R-134a is similar to R-12, in that it absorbs, transfers, and releases heat efficiently. It is also non-flammable, and mixes well with oil, just like R-12. However, R-134a does have some unique characteristics.

    * R-134a requires a special synthetic lubricant since it does not mix with mineral oil (standard R-12 lubricant).
    * R-134a operates at higher discharge pressures than R-12. Therefore, systems using R-134a may not cool as well as R-12 when the vehicle is idling for extended periods (e.g. heavy traffic).
    * R-134a and R-12 cannot be mixed, which is why separate equipment is needed to service vehicles using either refrigerant.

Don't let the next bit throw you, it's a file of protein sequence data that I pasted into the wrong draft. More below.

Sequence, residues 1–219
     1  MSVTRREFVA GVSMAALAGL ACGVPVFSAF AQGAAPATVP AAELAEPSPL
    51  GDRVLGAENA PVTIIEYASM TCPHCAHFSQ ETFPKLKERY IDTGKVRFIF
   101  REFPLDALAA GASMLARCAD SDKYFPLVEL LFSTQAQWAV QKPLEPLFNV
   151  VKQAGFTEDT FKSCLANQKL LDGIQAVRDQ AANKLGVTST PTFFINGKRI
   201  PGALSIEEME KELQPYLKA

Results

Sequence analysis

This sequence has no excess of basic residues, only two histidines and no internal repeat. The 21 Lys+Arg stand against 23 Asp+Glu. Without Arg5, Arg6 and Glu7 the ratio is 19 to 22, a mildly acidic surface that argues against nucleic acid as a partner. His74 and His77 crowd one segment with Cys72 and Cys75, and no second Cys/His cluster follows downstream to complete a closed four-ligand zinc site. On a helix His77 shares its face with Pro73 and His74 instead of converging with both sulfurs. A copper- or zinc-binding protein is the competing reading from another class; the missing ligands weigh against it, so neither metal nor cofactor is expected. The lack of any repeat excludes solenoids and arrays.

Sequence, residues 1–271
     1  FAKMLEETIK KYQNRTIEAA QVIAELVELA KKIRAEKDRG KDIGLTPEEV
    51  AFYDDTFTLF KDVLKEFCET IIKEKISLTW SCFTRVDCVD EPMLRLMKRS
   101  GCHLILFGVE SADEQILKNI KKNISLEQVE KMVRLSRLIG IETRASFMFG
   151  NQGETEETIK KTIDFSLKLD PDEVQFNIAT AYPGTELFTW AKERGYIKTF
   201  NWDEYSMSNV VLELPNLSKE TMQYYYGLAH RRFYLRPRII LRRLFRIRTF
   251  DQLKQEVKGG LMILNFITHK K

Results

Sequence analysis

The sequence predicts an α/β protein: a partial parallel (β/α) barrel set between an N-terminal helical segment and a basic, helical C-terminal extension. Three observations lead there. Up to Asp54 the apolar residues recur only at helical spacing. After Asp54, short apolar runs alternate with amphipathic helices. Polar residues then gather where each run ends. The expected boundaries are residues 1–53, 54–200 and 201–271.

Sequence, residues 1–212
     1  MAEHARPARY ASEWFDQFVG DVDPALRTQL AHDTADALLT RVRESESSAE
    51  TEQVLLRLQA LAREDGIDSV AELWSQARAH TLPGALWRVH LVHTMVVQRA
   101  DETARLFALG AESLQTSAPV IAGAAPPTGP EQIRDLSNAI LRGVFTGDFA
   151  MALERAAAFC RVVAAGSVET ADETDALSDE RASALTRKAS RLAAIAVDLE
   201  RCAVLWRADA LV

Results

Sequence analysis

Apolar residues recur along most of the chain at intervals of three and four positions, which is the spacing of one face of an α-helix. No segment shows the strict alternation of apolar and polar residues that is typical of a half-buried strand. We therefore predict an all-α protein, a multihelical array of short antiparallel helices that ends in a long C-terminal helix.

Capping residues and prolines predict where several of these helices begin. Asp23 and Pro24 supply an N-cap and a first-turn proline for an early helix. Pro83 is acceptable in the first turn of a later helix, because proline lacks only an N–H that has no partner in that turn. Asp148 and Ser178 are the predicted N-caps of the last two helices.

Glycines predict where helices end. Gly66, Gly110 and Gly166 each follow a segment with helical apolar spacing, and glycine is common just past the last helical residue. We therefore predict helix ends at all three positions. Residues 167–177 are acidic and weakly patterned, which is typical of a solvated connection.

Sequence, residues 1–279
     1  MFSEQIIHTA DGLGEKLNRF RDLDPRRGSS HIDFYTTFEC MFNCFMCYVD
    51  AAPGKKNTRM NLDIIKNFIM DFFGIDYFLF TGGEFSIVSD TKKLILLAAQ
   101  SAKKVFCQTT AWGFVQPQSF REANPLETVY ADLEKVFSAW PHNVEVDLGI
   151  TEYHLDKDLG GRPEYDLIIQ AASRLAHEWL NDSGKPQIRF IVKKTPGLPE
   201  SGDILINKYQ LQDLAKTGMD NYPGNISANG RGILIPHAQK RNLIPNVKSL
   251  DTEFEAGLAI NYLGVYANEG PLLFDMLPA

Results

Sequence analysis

Depending on the vehicle, refrigerant capacity can range anywhere from about 28 ounces (1.75 lbs.) to as much as 64 ounces (4.00 lbs.) or more. To avoid an improper charge, always consult the manufacturer's specifications for refrigerant capacity. An improper charge will cause reduced system performance, and may even result in system damage.

In order to function properly, an A/C system requires the appropriate type and amount of oil. In addition to lubricating the compressor, refrigerant oil also maintains the operation of the expansion valve on systems so equipped. Since the oil is transported through the system by the refrigerant, it has to be compatible with the type of refrigerant being used. Mineral oil is the lubricant used for all R-12 systems, while R-134a systems use synthetic oils such as PAG (polyalkylene glycol) and POE (polyolester).